Difficulty: Intermediate
Estimated Time: 10 minutes+

This scenario provides a sandbox to explore features in the Istio service mesh.

... Service Mesh, a dedicated infrastructure layer to run fast, reliable and secure network of microservices, container orchestration systems to provide a higher level of deployment infrastructure abstraction, and evolution of continuous delivery systems [sic] to build, test and deploy microservices as containers. -- Zhamak Dehghani

Before the sandbox is fully ready, there are a few steps needed to complete the sandbox configuration:

  • Istio
  • Istio integrations
  • Bookinfo demonstration application

These setup steps allow you to tweak each installation, such as the version of Istio to use. You can skip the integrations or the Bookinfo application. It's up to you on how you want to configure this sandbox.

Learn and enjoy.

Look for more scenarios to explore other Istio features as they arrive. The Istio Up and Running book offers more learning channels.

References


For a deeper understanding of these topics and more join
Jonathan Johnson
at various conferences, symposiums, workshops, and meetups.

Software Architectures ★ Speaker ★ Workshop Hosting ★ Kubernetes & Java Specialist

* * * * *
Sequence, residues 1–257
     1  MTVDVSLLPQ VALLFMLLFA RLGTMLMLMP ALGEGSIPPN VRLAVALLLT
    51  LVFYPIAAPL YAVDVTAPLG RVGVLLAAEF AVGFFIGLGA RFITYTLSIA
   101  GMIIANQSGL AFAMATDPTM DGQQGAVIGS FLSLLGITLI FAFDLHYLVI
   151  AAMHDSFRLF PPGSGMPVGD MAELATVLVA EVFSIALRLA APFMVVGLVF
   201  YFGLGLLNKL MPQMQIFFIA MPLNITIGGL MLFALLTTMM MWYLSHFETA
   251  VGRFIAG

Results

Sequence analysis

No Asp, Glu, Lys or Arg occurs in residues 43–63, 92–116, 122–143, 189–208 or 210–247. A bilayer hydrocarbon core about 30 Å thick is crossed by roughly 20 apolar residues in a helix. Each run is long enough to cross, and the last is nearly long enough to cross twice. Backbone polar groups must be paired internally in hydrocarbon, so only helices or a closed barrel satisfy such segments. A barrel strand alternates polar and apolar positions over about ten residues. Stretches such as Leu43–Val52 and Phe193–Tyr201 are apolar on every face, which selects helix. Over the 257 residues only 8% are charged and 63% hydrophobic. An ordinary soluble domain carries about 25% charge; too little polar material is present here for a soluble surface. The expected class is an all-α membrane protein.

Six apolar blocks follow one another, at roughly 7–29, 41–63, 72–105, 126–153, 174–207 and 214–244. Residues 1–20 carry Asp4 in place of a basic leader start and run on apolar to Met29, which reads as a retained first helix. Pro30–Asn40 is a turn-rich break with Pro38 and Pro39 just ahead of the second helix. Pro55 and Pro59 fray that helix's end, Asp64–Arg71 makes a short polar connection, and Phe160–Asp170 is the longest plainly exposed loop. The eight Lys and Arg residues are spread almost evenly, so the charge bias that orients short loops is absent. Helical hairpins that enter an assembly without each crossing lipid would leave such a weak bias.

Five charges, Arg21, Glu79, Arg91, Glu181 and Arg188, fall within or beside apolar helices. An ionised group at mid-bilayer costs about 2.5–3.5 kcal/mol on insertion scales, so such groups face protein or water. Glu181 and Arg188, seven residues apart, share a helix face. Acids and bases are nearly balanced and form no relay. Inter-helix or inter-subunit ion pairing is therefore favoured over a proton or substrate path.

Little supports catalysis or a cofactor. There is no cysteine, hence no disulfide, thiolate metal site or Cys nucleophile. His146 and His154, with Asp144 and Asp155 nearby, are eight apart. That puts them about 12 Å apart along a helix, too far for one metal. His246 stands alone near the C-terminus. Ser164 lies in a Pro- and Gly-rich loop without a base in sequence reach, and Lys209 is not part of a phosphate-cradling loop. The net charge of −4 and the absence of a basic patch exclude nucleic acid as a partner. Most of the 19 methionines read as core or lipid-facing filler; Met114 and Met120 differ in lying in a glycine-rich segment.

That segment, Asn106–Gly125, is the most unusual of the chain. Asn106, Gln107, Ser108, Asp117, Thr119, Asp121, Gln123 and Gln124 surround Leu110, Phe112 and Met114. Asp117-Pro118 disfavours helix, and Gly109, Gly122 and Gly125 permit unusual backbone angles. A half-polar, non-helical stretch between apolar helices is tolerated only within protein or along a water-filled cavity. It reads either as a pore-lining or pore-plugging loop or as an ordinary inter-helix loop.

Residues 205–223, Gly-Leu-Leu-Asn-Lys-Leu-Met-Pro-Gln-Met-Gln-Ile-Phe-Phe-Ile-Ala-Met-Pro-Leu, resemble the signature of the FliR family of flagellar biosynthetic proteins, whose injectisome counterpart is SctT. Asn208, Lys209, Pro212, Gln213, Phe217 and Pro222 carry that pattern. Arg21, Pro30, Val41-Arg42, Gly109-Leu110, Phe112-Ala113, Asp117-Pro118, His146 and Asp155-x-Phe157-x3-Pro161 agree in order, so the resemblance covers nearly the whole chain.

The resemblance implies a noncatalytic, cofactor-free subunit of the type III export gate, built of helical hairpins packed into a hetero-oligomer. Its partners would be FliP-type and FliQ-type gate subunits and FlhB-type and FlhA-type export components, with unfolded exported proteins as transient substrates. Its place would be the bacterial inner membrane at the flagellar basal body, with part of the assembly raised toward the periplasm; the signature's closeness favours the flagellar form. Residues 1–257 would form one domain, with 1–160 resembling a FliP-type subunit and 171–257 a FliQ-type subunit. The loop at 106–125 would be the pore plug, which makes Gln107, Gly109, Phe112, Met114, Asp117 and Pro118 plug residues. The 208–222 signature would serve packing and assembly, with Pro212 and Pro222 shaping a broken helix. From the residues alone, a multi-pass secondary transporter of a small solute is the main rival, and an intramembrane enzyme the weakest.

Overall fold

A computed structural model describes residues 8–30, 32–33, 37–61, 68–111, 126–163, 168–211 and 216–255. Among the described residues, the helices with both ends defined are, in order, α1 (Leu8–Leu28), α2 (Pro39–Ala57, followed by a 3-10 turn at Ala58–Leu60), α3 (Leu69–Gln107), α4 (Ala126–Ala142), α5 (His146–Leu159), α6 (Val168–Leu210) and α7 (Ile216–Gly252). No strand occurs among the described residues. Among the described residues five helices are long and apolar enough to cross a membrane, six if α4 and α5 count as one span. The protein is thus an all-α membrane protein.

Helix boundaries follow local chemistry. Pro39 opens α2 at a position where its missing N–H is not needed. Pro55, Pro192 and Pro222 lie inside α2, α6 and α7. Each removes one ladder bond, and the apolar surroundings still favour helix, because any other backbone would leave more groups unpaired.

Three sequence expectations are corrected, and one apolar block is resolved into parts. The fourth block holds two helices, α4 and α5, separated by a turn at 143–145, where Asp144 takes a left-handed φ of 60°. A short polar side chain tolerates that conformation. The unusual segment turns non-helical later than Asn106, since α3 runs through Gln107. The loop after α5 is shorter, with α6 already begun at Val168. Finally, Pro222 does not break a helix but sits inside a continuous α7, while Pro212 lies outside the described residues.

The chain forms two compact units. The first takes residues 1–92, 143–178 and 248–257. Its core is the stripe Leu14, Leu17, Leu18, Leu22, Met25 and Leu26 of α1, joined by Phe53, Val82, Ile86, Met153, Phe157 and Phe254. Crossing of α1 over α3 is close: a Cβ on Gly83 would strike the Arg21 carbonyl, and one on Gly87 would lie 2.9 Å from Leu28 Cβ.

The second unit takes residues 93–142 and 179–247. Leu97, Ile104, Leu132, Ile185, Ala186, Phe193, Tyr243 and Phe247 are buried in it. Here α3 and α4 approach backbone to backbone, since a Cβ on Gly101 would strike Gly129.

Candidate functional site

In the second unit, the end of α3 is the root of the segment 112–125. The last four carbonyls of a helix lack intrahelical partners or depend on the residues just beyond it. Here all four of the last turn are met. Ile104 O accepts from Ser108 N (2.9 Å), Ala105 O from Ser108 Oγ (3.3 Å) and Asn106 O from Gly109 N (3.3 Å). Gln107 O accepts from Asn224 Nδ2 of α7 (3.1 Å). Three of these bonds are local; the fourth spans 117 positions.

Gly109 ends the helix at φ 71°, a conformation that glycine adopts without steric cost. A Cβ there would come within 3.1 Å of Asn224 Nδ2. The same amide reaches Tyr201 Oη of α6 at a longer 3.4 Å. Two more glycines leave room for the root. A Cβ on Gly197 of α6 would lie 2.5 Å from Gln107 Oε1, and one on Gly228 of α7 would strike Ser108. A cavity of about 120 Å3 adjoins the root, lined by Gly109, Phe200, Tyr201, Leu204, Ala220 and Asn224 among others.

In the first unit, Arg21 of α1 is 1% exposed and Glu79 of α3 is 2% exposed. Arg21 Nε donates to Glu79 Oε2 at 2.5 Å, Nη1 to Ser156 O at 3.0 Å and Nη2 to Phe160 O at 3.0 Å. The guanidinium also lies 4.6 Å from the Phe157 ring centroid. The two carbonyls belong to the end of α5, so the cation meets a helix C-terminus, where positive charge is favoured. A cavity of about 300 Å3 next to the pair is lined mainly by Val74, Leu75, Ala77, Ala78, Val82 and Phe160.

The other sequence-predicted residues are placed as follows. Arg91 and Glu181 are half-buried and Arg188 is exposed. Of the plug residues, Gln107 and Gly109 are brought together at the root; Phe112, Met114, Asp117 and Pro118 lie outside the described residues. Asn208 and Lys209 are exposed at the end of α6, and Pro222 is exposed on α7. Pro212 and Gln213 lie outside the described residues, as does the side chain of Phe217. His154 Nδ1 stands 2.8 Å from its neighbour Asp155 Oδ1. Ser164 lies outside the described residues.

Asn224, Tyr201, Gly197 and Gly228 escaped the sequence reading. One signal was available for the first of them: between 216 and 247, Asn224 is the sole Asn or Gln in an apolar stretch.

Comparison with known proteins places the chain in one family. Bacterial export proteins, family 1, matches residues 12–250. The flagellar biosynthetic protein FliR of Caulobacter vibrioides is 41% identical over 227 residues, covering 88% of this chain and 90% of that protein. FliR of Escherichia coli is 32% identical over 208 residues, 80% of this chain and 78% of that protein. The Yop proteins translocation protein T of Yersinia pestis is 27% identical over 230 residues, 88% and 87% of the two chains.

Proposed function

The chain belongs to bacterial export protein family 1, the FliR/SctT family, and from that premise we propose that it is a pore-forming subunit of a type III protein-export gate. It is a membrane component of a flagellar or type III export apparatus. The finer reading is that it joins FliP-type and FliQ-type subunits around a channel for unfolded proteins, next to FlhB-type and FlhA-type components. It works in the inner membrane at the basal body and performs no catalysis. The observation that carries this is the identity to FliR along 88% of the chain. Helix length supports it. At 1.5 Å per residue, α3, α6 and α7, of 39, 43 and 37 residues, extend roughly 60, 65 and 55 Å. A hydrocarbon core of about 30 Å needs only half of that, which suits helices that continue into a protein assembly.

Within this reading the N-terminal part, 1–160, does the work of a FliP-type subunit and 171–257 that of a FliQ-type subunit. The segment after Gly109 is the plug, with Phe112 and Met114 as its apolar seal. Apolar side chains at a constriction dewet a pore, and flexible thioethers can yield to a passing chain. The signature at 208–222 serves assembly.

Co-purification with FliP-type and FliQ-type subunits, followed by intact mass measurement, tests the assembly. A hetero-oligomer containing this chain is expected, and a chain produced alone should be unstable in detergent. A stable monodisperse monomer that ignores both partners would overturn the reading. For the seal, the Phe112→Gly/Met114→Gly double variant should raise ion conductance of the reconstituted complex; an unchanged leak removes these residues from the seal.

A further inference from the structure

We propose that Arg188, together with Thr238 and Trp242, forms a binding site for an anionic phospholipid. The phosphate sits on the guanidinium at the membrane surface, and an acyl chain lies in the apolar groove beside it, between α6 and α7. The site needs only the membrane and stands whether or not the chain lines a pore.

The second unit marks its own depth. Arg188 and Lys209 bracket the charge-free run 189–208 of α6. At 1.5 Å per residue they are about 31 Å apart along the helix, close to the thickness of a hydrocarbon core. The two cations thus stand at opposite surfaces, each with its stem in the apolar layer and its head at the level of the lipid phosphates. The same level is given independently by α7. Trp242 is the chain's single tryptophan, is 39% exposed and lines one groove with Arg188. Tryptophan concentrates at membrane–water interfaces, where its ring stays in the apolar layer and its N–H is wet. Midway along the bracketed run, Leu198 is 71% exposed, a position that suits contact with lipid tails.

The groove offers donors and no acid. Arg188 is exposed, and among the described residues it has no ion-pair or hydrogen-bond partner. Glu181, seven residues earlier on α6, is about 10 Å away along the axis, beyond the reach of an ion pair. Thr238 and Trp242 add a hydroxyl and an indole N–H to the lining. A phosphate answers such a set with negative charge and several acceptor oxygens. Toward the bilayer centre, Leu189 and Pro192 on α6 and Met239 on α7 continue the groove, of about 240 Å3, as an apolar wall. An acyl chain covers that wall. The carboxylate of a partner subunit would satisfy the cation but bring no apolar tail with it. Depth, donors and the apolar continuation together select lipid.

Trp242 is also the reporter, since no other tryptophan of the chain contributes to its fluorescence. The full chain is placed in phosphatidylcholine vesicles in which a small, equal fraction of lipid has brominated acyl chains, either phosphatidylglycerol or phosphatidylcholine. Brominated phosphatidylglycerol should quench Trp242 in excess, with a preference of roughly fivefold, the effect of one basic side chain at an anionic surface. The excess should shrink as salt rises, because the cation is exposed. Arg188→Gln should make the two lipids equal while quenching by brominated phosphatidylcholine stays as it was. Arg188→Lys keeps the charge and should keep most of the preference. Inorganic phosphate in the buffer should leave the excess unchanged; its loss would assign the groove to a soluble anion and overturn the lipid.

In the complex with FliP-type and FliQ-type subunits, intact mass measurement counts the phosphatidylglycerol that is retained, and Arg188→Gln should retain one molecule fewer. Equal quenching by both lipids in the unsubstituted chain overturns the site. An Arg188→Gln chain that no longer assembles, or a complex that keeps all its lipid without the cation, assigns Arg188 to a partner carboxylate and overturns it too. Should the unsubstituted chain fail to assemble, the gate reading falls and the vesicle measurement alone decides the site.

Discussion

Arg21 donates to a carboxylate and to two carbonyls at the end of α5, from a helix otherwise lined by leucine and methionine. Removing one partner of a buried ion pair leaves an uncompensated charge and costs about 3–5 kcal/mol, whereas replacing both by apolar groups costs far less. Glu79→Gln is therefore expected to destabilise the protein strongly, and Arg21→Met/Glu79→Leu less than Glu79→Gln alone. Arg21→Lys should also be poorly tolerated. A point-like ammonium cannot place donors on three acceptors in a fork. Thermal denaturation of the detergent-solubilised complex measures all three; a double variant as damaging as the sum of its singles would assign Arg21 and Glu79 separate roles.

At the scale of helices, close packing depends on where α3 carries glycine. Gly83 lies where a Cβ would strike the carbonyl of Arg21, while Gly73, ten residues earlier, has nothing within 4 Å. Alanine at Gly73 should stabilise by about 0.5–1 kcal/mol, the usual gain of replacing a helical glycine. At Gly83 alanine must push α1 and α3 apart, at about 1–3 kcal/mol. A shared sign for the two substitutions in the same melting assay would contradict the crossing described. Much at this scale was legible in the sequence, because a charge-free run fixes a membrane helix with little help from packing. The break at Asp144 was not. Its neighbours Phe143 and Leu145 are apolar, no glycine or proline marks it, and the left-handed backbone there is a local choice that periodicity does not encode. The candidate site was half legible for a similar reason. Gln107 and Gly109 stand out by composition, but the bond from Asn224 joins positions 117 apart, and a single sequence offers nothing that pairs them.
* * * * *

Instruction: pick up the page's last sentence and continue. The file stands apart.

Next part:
Istio Sandbox

Step 1 of 6

Kubernetes Cluster

For this scenario, Katacoda has just started a fresh Kubernetes cluster for you. Verify that it's ready for your use:

kubectl version --short && \ kubectl get nodes && \ kubectl get componentstatus && \ kubectl cluster-info

It should list a two-node cluster, and the control plane components should be reporting Healthy. If it's not healthy, try again in a few moments. If it's still not functioning, refresh the browser tab to start a fresh scenario instance before proceeding.

The Helm package manager used for installing applications on Kubernetes is also available:

helm version --short

Kubernetes Dashboard

You can administer your cluster with the kubectl CLI tool or use the visual Kubernetes dashboard. The Dashboard can be accessed from the tab labeled Kubernetes Dashboard above the command line. When the Dashboard first appears, it will prompt for an access token. At any time you can run this script to access the Dashboard token:

token.sh

This script will display the token in the terminal. Copy the green text using your browser's copy feature then paste the token into the prompt when the Dashboard is accessed. If the Dashboard is still starting up, then Katacoda will report the access error. Once the dashboard Pod reports the status Running it can be accessed:

kubectl get pods -n kube-system -l app.kubernetes.io/name=kubernetes-dashboard